This post is born from several encounters with users on various Lightroom forums where I participate as a Lightroom Guru. The first of these posts was asking about the ability to feather asymmetrically a Lightroom Graduated Filter. The second of these was a post asking if Lightroom could produce a ‘reversed graduated neutral density’ filter. In truth, I had never heard of this type of filter but when I pressed for more information, I was directed to a product currently for sale by Singh-Ray Filters. A little research and some trial and error and I was able to produce an analogous filter within the Lightroom interface.
In the example above, a Reverse Graduated 2-Stop – 1-Stop ND Filter set has been applied. To get a feel for how this filter works, below I show the same filter applied to a White Card.
The above white card image has a sharp breaking horizon graduation of 0-stops to –2-stops going downward. At the 2-stop Maximum, the filter transitions to a 2-stop to 1-stop gradual filter going upwards. The purpose of a filter like this is to hold exposure in a brightly-lit horizon area, while holding the light in the foreground and gradually tapering the brightness of the sky. Using a filter like this in Lightroom is just like using a lens-mounted filter in the field at time of capture. You need to use this on a scene with a defined horizon so that intrusions into the sky do not become too dark. You also need to place this filter so that it accurately portrays the horizon’s location in your image. Like a glass filter, this software control assumes you will match the filter’s break with the horizon.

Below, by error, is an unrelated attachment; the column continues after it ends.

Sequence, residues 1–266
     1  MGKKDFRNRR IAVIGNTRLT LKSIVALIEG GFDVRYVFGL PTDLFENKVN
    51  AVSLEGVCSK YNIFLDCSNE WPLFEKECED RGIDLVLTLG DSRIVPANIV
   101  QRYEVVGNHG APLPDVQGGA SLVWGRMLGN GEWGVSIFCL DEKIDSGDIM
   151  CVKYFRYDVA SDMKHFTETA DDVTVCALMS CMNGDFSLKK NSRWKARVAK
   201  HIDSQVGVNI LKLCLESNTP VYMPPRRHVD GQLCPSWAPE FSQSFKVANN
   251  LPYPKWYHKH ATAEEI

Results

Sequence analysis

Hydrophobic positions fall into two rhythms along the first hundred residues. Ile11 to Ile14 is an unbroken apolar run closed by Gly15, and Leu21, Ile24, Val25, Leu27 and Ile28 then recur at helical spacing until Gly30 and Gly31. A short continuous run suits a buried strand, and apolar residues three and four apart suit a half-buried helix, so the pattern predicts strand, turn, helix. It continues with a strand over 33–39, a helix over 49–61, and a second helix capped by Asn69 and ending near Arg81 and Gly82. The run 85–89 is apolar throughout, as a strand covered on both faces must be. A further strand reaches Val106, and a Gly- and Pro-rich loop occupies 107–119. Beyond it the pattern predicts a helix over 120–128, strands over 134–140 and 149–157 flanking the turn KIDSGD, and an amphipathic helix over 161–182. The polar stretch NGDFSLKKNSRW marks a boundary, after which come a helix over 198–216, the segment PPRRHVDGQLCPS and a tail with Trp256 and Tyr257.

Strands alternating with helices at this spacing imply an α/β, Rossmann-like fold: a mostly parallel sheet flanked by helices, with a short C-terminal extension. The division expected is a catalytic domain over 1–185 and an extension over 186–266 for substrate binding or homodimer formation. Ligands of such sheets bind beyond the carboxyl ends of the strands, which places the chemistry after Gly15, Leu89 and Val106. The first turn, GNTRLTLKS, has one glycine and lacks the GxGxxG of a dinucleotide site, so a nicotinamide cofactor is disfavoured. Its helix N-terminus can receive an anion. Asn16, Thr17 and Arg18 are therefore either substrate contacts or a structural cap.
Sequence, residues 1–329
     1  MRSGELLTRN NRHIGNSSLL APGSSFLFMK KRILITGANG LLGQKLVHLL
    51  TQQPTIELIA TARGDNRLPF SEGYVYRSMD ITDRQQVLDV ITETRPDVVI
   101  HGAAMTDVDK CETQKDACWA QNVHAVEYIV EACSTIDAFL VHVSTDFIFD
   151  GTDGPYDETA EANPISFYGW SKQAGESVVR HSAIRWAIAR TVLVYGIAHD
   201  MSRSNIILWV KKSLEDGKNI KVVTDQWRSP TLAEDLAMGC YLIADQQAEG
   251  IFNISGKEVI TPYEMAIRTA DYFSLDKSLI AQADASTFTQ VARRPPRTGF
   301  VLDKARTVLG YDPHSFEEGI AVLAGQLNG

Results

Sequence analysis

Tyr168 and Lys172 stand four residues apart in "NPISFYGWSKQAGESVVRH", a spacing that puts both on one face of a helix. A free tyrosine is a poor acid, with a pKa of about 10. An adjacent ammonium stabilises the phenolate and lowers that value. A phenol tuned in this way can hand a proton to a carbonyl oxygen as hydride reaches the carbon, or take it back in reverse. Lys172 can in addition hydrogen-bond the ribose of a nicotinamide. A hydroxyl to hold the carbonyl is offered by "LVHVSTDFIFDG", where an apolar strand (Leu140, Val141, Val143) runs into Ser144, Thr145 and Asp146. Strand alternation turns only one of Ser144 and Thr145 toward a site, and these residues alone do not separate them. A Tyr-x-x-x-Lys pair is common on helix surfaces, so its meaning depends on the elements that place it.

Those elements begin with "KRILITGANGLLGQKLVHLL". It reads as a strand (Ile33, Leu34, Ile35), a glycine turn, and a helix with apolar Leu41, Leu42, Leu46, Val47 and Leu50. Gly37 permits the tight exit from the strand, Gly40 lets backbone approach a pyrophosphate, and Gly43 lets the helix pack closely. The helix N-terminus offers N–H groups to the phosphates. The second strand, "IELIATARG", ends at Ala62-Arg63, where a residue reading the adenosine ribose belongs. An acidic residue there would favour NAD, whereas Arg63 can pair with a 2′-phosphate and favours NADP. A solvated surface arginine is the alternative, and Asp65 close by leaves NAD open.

1-stop to 0-stop
2-stop to 1-stop
3-stop to 1-stop
3-stop to 2-stop
The four examples above show the effect of the four Reverse Graduated Neutral Density filters I have built for my own uses. As you can see, they can be very effective. They also have the same inherent problems of a glass filter in the field. They leave those little hills which intrude into the sky abnormally darkened with a severity depending upon the density of the filter graduation. Also, the filter depends upon matching the angle of the horizon and work best on images where care has been taken to maintain a level camera at time of capture.
I have built the carefully constructed graduated filter sets into a series of Lightroom Develop Presets for easy application to any image. Adjustments for non-level horizons and non-centered horizons are tweaked from with the graduated filter controls within Lightroom.
Shortly, I will be producing a Video on their use and making the presets available to the public.
Rikk Flohr © 2014